Visitors have the options of walking through the 18th Century village of Chestertown and visiting the studios “downtown”. Or tour the countryside around Chestertown and Rock Hall and visit the studios in the outlying areas of Kent and Queen Anne’s Counties, a ride made more beautiful by the fall colors. Many studios overlook the Chester River, numerous creeks or the Chesapeake Bay. And visit Arts At Still Pond Station where RiverArts has its Clay Studio, the only one of its kind on the Upper Shore.

Examples of each artist’s work will be on display at the Chestertown RiverArts Gallery, 315 High Street, Suite 106, providing a chance to plan an itinerary that matches one’s interests. Brochures may be found at the Gallery and at restaurants and shops throughout Kent County; they provide a brief description of each artist along with directions to the studio and a user-friendly map. During the Studio Tour, Gallery hours are Saturday 9-5 and Sunday 10-5. Special receptions will be held Fridays, October 26 and November 2, 5-8pm.

Combine your Studio Tour with Chestertown’s Schooner Sultana Downrigging weekend October 27-28. Sultana is joined by many historic tall ships and Chesapeake Buy-Boats. Many interesting art studios are within easy walking distance of the ships. All this makes for a fun family outing.

For more information on the tour call 410-778-6300, email nriverarts@verizon.net or go to our website, chestertownriverarts.org/events/studiotour. Brochures may be downloaded from that site.
We hope that you will join us for our thirteenth year. .

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ALL October Offerings: Civil War, Science, Law, Ghosts and Ghoulies, Great Conservatories

The Academy for Lifelong Learning at CBMM will introduce a number of courses in October. Monday mornings will be all about the Civil War. “Financing the Civil War” led by Ron Lesher will run Monday mornings from Oct 1- 15, followed by “The Civil War: An Overview” led by Bob Lonergan running from Oct 1-29.

Greg Farley, Director of the Center for Leadership in Environmental Education at Chesapeake College, will teach a course beginning October 1 entitled, “Public Perceptions of Science.”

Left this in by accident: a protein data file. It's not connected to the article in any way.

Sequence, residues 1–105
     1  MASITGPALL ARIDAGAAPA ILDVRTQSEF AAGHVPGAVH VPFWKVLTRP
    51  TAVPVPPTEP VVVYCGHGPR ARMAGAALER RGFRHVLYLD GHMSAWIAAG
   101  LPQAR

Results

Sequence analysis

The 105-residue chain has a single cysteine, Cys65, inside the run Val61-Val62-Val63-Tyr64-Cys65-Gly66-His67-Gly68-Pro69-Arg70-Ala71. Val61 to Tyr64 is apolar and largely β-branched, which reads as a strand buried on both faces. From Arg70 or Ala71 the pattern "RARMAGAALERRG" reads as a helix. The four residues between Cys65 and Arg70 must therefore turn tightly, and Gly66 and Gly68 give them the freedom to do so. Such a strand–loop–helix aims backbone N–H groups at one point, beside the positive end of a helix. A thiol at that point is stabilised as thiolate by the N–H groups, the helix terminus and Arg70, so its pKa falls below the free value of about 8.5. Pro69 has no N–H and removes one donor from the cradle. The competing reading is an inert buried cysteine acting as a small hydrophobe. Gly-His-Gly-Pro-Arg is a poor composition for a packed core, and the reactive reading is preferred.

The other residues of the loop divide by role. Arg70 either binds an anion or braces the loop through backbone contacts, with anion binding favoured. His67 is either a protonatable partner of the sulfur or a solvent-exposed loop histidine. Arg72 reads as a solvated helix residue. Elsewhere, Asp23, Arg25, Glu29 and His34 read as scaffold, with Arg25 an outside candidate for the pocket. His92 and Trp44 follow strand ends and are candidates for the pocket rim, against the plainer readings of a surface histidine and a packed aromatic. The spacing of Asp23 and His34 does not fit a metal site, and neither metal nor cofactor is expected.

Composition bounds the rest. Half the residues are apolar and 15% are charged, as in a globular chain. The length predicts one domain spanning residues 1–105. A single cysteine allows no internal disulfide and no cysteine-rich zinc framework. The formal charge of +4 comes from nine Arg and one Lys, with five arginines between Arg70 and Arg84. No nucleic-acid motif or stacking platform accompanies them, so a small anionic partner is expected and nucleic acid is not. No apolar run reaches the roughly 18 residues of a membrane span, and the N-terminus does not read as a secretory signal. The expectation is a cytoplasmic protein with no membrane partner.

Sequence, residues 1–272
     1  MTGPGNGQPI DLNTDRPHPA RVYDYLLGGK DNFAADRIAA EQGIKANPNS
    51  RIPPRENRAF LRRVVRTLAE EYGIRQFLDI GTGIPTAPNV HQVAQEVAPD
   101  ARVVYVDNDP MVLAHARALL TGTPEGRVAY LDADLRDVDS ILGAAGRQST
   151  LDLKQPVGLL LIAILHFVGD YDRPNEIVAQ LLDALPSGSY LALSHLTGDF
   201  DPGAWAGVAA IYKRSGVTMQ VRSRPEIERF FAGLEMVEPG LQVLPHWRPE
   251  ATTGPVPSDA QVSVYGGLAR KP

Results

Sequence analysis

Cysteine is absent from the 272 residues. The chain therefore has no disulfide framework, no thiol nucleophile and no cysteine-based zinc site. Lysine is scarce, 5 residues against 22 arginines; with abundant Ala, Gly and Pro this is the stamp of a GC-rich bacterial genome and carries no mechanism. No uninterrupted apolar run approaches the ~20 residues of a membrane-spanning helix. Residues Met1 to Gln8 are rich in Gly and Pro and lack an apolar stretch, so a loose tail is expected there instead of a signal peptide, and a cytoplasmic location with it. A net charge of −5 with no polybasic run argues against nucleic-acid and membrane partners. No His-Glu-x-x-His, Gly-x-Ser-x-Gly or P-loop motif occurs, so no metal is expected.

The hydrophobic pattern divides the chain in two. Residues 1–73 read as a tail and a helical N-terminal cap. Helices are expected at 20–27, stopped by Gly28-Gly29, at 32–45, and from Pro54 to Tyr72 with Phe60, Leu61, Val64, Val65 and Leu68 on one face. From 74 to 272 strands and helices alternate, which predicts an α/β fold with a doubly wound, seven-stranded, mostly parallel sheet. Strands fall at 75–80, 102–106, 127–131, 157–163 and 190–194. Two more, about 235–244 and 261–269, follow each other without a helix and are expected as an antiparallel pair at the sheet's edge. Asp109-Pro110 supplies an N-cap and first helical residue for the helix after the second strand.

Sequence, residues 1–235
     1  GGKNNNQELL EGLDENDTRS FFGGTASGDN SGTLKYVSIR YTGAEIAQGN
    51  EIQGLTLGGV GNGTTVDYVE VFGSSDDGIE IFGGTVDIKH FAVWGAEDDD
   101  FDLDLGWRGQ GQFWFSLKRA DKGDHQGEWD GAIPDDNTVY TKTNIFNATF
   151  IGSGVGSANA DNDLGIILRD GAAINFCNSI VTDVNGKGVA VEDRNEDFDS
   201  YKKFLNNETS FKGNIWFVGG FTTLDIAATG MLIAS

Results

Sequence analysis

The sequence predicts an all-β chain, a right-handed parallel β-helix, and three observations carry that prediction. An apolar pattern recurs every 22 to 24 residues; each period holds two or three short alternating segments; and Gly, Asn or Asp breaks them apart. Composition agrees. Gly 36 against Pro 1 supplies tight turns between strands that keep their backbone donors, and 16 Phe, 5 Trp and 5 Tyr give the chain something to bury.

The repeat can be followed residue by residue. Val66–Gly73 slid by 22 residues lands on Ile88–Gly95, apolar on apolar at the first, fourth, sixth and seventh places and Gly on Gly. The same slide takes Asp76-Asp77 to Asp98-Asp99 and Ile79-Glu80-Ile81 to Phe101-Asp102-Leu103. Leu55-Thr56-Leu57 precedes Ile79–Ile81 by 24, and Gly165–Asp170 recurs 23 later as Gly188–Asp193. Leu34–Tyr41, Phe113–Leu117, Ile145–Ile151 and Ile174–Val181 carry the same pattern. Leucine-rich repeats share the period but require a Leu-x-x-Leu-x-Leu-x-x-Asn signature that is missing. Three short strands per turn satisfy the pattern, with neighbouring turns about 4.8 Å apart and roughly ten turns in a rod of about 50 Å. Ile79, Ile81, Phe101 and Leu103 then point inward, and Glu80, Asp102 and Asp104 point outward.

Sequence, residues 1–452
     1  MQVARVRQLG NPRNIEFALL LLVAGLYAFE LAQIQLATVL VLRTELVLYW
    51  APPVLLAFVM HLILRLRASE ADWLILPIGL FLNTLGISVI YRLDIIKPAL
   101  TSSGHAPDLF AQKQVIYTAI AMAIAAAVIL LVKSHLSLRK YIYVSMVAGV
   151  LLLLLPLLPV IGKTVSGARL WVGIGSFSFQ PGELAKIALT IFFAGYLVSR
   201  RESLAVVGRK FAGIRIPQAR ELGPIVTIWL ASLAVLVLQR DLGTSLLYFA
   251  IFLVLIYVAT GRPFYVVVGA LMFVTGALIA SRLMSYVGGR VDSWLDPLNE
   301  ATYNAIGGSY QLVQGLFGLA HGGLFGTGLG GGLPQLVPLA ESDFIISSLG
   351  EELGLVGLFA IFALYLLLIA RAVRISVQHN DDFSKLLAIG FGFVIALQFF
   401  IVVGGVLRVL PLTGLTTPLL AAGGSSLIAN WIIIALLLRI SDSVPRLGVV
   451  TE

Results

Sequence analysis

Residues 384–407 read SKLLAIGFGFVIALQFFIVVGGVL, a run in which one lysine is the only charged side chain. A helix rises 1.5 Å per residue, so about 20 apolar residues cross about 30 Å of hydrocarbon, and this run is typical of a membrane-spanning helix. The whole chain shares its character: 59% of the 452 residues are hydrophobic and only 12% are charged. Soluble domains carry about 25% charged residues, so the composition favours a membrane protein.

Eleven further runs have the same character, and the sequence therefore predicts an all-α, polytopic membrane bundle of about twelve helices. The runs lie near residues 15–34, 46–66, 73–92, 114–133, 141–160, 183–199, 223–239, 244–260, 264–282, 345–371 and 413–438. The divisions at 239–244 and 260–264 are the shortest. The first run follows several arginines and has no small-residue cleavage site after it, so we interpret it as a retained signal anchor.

Also starting October 1 is “Public Perceptions of Science” which will explore the public perceptions of science, the politicization of scientific information, the use and misuse of scientific information in the public arena. This course, led by Greg Farley, Director of the Center for Leadership in Environmental Education at Chesapeake College, will meet Monday evenings 5:30-7pm from October 1 through November 12 at CBMM.

Judge Peter H. Wolf will lead a course covering the theory and principles of the legal system, entitled “The Legal Process” on Tuesday afternoons from October 2-30. Using the Socratic method, Judge Wolf will explore with the group how courts are organized in the United States, what kinds of cases they decide and how they decide them.

In preparation of Halloween, Nancy Hesser’s course “Ghosties, Ghoulies, and Things that Go Bump in the Night” will meet Wednesday afternoons from October 3- 24. This course will shed (sputtering candle) light of the “ghostly” tales of Henry James, Guy de Maupassant, Edith Wharton and other writers of the 19th and early 20th centuries who raised the shape-shifting short story to its current literary status.

Don't miss the “Great Conservatories of the 19th Century” on Tuesday October 23 at CBMM.

Don’t miss the “Great Conservatories of the 19th Century” on Tuesday October 23 at CBMM.

Alan Stein, President and Director of Architecture at Tanglewood Conservatories, an American company specializing in the design, manufacture, and installation of conservatories, greenhouse and skylight systems will give a lecture entitled “Great Conservatories of the 19th Century” on Tuesday October 23 at CBMM. The lecture will explore the rich history of great conservatories of centuries past, and their architectural significance in a time when building with glass was unheard of. Revisit the tales of woes that befell some of these beautiful spaces forever lost in time- including several right here in Maryland. Hear stories of many of these amazing structures around the world that have endured the ravages of time and budget cuts to influence modern conservatories today.